If you’ve got through all that and you’ve never previously encountered a Notts accent then well done. If you found it hard going then you probably feel like I did when I was speaking to that chap from Glasgow all those years ago. The other point goes back to what my Grandad (Bill Robertson) used to say i.e. the speed of talking. There’s no doubt in my mind that in Liverpool people talk much faster than they do down in Nottinghamshire so it’s no surprise that a combination of dialect, speed of delivery and accent can make understanding very hard going.

Note: This posting links back to my previous one regarding Steaming back to Kirkby Loco, accessible via the link below, as it’s how I got in contact with Keith Murray:-

tonyrobertson.mycouncillor.org.uk/2021/01/30/steaming-back-to-kirkby-loco-book-review/

* The two photos of paintings by an A Baldwin (one dated 1969) were found in my Dad’s house when I was clearing it out after he had passed on. I wonder who A Baldwin was and how my Dad picked up these paintings?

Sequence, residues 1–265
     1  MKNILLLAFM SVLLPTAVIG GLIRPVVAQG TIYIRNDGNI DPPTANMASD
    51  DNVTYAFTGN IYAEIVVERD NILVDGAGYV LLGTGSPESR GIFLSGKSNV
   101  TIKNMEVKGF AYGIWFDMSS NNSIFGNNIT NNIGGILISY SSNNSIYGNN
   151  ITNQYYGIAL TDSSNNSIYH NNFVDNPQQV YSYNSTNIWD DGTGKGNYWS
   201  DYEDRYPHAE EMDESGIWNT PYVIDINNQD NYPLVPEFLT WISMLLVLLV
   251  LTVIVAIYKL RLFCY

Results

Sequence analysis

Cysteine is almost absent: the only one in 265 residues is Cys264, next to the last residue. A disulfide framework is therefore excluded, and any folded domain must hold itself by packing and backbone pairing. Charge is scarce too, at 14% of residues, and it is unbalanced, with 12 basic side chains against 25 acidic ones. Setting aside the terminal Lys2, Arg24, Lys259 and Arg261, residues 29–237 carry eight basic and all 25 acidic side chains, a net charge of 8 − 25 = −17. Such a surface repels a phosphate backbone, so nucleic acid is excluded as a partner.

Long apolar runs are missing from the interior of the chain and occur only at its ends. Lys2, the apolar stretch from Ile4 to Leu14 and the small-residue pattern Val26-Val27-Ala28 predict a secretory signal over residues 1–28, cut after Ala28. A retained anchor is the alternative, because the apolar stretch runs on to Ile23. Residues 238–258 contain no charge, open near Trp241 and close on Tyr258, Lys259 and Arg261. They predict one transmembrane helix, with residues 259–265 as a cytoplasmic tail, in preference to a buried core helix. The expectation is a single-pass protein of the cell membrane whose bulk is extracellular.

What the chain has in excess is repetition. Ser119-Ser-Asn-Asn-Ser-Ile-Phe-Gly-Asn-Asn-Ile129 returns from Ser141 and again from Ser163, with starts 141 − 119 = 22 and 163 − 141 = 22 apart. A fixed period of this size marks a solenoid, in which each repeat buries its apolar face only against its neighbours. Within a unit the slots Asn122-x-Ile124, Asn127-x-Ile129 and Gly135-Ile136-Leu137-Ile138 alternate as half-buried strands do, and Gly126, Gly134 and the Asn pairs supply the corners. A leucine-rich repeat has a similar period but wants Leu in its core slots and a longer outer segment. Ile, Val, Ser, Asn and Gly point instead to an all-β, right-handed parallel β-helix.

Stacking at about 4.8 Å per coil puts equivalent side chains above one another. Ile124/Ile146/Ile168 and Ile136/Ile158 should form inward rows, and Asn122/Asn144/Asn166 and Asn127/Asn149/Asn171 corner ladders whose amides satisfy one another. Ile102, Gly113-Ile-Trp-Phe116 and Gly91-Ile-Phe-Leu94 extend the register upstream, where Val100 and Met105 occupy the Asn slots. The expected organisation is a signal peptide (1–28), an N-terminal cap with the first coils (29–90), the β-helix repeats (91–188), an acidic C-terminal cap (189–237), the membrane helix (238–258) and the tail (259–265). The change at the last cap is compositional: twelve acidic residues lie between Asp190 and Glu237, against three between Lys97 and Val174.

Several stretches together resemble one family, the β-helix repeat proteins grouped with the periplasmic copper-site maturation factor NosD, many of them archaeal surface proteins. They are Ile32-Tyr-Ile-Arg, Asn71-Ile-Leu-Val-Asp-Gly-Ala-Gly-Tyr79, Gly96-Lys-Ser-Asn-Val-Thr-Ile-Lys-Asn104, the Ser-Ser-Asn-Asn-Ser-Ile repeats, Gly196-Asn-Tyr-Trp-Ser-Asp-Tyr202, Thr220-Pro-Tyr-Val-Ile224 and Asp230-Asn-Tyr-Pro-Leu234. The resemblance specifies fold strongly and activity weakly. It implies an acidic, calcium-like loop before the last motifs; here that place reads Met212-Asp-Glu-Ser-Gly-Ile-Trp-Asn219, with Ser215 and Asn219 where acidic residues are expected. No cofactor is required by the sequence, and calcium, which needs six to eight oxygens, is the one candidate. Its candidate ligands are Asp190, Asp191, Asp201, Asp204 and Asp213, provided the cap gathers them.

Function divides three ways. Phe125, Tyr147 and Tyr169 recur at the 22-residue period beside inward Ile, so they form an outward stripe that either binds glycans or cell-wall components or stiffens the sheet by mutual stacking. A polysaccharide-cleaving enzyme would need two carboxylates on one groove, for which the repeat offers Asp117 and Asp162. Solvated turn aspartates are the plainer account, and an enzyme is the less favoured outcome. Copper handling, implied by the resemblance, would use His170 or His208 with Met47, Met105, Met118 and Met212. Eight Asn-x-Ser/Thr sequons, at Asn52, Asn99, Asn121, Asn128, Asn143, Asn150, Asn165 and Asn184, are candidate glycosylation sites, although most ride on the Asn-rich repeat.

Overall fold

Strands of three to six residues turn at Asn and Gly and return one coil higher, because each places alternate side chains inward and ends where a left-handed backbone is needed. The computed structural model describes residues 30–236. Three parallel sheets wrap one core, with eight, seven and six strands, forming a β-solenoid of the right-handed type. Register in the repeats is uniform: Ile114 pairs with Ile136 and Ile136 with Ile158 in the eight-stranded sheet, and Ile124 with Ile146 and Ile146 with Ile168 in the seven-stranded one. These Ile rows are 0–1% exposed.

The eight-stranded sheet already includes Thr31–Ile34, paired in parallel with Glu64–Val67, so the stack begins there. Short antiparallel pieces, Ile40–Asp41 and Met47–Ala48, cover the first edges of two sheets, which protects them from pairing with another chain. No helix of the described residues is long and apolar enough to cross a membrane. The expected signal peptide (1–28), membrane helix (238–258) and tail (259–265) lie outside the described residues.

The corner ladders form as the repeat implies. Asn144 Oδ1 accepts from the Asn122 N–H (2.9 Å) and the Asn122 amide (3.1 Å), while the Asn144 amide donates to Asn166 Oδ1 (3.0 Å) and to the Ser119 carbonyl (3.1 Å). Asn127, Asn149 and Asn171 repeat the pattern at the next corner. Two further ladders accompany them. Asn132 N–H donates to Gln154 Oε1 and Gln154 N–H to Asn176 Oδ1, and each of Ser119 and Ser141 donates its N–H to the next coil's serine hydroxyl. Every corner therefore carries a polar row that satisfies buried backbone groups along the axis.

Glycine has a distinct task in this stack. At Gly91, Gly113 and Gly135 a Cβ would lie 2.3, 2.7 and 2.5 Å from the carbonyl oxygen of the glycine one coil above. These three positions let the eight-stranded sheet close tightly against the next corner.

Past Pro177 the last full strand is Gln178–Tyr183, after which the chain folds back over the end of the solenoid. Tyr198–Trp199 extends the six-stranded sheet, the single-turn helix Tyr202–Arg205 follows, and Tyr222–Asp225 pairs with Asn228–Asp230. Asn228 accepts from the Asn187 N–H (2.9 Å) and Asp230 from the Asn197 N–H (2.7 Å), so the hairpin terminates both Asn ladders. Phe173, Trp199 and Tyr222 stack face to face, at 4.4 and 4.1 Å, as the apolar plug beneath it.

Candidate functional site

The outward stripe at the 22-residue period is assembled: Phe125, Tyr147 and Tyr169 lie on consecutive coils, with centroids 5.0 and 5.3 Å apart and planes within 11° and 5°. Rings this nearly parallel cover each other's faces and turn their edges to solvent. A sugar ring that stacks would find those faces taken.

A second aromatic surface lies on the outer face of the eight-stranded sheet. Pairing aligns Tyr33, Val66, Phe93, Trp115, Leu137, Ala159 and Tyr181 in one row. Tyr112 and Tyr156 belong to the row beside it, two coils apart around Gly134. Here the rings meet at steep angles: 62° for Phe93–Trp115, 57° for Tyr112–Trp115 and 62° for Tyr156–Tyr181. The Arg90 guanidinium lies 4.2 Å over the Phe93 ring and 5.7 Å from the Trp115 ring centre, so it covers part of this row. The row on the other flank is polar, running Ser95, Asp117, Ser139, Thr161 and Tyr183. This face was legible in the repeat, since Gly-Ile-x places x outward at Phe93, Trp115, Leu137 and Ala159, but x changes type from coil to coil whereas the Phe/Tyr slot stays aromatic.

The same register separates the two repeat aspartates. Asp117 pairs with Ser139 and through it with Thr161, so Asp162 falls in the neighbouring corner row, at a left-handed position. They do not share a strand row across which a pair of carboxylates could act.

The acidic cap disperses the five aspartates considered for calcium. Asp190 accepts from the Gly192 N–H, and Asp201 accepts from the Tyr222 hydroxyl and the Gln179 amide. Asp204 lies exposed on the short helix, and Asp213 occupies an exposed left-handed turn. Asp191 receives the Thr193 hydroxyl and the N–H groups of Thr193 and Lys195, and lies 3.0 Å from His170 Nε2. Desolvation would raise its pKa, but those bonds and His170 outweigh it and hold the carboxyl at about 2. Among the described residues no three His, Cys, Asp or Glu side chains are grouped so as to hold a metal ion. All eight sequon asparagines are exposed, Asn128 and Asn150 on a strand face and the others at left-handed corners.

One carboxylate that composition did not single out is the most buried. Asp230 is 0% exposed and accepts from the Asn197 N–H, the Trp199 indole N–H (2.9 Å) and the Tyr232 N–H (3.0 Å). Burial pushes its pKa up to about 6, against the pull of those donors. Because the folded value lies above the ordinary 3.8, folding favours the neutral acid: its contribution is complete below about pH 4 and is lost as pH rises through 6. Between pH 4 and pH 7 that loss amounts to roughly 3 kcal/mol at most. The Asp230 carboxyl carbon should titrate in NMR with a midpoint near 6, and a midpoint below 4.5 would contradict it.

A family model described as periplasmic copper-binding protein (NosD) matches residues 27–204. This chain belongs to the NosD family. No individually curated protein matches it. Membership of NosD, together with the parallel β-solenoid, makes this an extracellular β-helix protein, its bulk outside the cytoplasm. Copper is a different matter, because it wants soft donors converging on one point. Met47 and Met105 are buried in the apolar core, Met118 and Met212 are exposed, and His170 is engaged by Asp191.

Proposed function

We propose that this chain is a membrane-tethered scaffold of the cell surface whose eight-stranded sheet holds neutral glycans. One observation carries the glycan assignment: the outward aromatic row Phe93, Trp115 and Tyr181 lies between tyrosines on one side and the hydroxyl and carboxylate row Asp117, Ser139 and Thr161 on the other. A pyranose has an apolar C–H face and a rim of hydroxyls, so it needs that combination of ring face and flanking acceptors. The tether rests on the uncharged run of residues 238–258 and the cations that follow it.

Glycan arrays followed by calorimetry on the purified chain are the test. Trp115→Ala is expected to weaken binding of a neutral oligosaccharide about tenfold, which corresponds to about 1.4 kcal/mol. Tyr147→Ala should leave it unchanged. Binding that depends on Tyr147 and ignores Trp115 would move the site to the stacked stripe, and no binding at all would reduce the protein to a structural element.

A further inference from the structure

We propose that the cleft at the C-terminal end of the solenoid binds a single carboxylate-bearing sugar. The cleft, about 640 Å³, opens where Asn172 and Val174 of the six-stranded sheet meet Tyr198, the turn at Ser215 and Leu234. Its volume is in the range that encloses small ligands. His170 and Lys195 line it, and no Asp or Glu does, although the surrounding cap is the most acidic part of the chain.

Maghull Wind Orchestra at the Bridgewater Hall

Well it seems that Sefton Borough’s most prominent wind orchestra has made it in the big time after playing at Manchester’s Bridgewater Hall today.

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They were a part of a Opera entitled Get Weaving and they sounded great as indeed did all the participants.

Leaving Liverpool, Scouse passports in hand and off to that other place at the opposite end of the East Lancs Road (which is usually not mentioned in anything but disparaging terms by Liverpool folk) our brave orchestra went. Yes, Manchester to Scousers is an alien place just like Yorkshire is to those of us from Nottinghamshire.

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Playing at the Bridgewater, even though it is in Manchester, must be the pinnacle for any musician because it was built for music incorporating many modern acoustic advances which make it a truly wonderful place to listen to and perform music. I have seen The Rippingtons and Bob James’ Fourplay band there in the past so knew how good the place would be for our own quite wonderful local musicians of Maghull Wind Orchestra.

So we had a great time but don’t ask me what the opera was all about because I got the impression that only the writer of the lyrics really knows. I got the bit about celebrating the famous mass traspass of Kinder Scout in the 1930’s but the other aspects of it were a little mystical to me.